Working Lands

Project to Assess Impact of Deer on Forest Bird Habitat

High deer densities may be negatively affecting forest regeneration, health, and habitat.

A new project that assesses the impacts of deer densities to plant growth has been launched by Cornell University, NYSDEC, and SUNY College of Environmental Science and Forestry. Assess Vegetation for Impacts from Deer (AVID) involves monitoring spring wildflowers and small trees on an annual basis to measure how deer browsing may impact plant growth, the concern being that very high deer densities may be negatively affecting forest regeneration, health, and habitat. AVID is volunteer based and monitoring and data collection can take place on your own property or on public land, such as a park, as long as the location meets the criteria included in the protocols that the program provides. The data collected can be submitted online or through a smart phone app, and will contribute to how deer management objectives are determined throughout the state.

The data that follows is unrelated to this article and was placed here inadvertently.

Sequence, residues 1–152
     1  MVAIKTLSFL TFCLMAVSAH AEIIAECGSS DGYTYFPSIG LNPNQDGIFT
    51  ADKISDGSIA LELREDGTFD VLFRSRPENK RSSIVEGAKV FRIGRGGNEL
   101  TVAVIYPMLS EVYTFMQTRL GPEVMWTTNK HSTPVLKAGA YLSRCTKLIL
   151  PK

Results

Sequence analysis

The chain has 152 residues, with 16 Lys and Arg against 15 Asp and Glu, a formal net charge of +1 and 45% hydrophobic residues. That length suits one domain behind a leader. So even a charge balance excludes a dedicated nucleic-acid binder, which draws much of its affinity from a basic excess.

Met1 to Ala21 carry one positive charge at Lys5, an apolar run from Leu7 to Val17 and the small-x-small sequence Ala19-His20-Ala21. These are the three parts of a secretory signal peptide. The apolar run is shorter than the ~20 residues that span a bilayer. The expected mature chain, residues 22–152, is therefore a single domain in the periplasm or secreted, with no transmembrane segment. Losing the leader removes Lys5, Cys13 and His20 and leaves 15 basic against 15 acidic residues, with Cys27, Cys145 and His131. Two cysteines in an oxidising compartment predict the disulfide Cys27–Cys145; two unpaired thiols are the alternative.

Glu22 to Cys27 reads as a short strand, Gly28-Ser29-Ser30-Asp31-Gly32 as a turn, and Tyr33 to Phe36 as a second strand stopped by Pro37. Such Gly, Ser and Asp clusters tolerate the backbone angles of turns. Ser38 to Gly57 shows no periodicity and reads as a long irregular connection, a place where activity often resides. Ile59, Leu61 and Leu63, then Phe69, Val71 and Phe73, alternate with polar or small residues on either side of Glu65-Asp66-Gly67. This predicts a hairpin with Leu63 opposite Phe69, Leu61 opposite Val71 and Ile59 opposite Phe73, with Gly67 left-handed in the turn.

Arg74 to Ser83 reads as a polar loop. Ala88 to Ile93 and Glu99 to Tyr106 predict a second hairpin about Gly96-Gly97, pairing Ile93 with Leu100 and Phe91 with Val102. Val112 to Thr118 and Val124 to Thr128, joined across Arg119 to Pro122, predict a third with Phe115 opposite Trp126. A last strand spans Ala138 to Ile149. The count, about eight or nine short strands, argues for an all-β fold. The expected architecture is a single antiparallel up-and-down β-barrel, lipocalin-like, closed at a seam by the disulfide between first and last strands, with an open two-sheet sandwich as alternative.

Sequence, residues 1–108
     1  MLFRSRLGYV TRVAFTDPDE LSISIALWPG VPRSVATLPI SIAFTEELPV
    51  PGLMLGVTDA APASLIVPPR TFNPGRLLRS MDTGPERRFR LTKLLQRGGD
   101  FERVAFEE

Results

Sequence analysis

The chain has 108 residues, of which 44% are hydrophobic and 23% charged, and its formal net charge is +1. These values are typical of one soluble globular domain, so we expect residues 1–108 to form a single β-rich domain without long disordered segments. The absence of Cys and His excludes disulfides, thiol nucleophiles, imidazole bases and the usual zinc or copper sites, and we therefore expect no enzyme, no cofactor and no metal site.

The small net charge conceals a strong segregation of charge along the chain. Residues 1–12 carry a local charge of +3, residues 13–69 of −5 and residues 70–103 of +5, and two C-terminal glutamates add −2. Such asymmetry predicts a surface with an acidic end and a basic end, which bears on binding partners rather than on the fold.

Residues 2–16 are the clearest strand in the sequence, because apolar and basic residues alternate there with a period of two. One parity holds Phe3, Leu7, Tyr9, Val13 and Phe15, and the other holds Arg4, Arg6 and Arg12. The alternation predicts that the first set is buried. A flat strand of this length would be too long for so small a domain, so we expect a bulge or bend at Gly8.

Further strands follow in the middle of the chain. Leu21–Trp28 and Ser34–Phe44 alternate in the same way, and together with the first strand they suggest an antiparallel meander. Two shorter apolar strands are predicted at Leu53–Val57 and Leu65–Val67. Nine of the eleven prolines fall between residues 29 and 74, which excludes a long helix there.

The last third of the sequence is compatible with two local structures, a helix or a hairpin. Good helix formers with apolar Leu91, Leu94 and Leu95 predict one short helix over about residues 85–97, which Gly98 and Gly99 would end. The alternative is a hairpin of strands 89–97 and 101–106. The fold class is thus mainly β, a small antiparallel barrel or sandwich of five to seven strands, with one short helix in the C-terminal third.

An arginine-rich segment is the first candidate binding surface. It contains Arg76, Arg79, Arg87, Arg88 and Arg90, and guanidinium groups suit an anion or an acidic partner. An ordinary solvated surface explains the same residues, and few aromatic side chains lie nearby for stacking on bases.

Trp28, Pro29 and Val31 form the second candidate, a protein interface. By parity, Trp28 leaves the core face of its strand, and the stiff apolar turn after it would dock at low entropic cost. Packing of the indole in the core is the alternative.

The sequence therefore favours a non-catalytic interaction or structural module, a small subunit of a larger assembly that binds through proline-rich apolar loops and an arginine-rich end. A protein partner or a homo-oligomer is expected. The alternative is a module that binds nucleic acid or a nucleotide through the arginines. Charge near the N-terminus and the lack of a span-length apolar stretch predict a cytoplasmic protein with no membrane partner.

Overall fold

Saw Mill River Audubon Society recently hosted an AVID workshop in the Hudson valley, in partnership with Teatown Lake Reservation and trainers from Cornell Cooperative Extension, Cornell Department of Natural Resources. Two high school students in attendance plan to help Saw Mill River Audubon chapter set-up AVID plots in two of their sanctuaries this summer. One student will be tracking plots over the next three years as part of his science research study. To learn more about Saw Mill River Audubon and their work, click here.

To find out more about AVID and to see if there is a training session offered near you, please click here to visit the website.